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Press ReleaseTuesday, January 19, 2010
DOE Press Office
Florida Colleges Plan to Build on Year of Steady Successes~ Mission remains to continue high quality and open access to meet growing demand ~
TALLAHASSEE – The Florida College System experienced a year of evolution and accolades, culminating with prestigious statewide and national recognitions for Miami Dade College President Eduardo J. Padrón who was selected as Florida Trend magazine’s Floridian of the Year, and as one of Time magazine’s top ten college presidents. Both Padrón and The Florida College System were credited in 2009 with bringing greater recognition to the vital role of community colleges in light of the nation’s economic challenges.
Florida’s colleges served more than 845,000 students in 2009, an increase of 9.6 percent from the previous year, and early enrollment indicators predict an overwhelming year for college campuses throughout the state in 2010.
“The doors to our colleges remain open as they continue to provide the necessary skills essential for today’s workforce,” said Dr. Willis N. Holcombe, Chancellor of The Florida College System. “Often times, entry into our system is the first opportunity for students to achieve higher education, and I’m proud of the work our institutions have done to provide a quality education to a diverse student body during tough economic times.”
Despite budgetary challenges, The Florida College System led the southeast region last year in graduation and progression rates, and maintained top ranks nationally for leading America’s more than 1,200 community colleges in an array of degree categories. For the seventh year in a row, Florida’s community colleges were among the nation’s top producers of associate degrees and the number of associate degrees awarded to minority students, health professions and related sciences degrees, according to Community College Week’s annual Top 100 report conducted by the National Center for Education Statistics.
Florida’s College System was also touted for leading the southeast region in three-year student progression rates. This measure tracks full-time freshmen enrolled in degree or certificate programs who graduated, were still enrolled, or who transferred to another college within three years. At 60.5 percent, the state’s progression rate was the highest in the region, and 12 percentage points above the southern region’s state average. This reflects a 15-point increase in student success rates since 1999.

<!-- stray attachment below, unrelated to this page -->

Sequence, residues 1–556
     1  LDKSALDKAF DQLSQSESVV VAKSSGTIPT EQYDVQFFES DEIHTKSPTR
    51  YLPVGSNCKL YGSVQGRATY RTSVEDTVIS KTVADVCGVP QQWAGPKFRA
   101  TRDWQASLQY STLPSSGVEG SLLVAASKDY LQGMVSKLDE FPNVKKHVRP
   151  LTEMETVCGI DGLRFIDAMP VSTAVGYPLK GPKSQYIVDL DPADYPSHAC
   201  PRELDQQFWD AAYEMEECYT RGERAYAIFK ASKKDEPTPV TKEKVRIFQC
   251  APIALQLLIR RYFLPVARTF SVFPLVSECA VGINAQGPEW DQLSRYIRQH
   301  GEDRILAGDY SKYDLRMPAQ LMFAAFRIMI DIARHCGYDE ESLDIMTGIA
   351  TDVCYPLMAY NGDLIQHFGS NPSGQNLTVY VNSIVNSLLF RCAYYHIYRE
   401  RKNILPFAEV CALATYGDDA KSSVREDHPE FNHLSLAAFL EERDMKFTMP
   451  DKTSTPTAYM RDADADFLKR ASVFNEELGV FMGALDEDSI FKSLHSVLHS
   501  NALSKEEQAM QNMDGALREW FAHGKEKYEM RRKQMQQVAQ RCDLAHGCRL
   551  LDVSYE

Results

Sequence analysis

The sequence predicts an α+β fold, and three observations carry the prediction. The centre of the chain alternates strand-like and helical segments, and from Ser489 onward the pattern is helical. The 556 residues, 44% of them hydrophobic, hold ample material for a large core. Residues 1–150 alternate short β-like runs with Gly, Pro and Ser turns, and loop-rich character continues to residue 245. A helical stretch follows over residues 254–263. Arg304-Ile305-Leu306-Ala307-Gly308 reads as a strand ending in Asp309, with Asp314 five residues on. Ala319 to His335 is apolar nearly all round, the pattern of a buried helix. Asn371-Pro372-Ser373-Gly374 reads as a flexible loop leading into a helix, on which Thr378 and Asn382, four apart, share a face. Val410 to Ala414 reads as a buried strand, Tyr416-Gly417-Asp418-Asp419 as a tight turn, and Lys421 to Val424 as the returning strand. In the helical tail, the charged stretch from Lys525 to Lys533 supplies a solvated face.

The caliber of students within The Florida College System remained strong last year with 92 outstanding college students being honored as members of the 2009 Phi Theta Kappa All-Florida Academic Team. The team consisted of exemplary students representing all of Florida’s 28 system colleges, one independent college and one independent university. The students were chosen based on their exceptional academic achievement, leadership and dedication to community service.
With the signing of a new GI Bill providing more than $62 billion in assistance nationwide, Florida’s colleges, alongside the Florida Board of Governors and the Florida Department of Veterans’ Affairs, unveiled a new Web site designed to help veterans meet their educational and career goals. Veterans with three years of active service are qualified to receive numerous benefits, including full tuition and fees, a monthly housing allowance, and $1,000 a year for books and supplies. The new bill, combined with state efforts to communicate its benefits, resulted in a 76 percent increase in veteran enrollment in Florida colleges.
Last year brought about the creation of 16 new baccalaureate programs within seven of Florida’s colleges to address the growing economic challenges of communities throughout the state. In addition, local workforce needs and unmet demand also brought about legislative changes to enable Florida colleges to submit proposals for baccalaureate programs at any time during the year. As a result of this change, nine colleges submitted proposals for a total of 19 additional programs. These proposals, in various stages of completion, will be considered by the State Board of Education early in 2010. Also, through legislation passed in 2009, Florida’s Division of Community Colleges officially became the Division of Florida’s Colleges.
Looking ahead, Florida’s colleges will continue to serve as the primary point of access to higher education in Florida, with 58 percent of the state’s high school graduates pursuing postsecondary education beginning at a community college and 81 percent of freshman and sophomore minority students in public higher education attending one of Florida’s 28 community colleges.
For more information about Florida’s Colleges, visit www.fldoe.org/cc.